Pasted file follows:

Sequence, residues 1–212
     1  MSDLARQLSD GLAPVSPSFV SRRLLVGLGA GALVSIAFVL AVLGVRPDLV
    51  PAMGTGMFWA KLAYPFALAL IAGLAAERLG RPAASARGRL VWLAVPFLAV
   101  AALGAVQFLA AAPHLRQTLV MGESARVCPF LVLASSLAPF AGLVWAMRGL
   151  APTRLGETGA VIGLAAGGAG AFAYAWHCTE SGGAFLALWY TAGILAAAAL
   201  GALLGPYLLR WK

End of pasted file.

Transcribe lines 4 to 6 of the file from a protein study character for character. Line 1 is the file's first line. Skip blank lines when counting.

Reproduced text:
   101  AALGAVQFLA AAPHLRQTLV MGESARVCPF LVLASSLAPF AGLVWAMRGL
   151  APTRLGETGA VIGLAAGGAG AFAYAWHCTE SGGAFLALWY TAGILAAAAL
   201  GALLGPYLLR WK